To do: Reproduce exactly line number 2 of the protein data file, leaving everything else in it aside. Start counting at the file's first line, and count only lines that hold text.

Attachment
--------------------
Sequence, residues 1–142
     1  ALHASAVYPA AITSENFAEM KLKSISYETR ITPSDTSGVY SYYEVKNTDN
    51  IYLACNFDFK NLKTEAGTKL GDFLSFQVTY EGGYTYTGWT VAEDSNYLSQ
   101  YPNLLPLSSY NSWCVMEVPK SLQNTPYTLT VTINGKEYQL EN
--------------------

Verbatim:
     1  ALHASAVYPA AITSENFAEM KLKSISYETR ITPSDTSGVY SYYEVKNTDN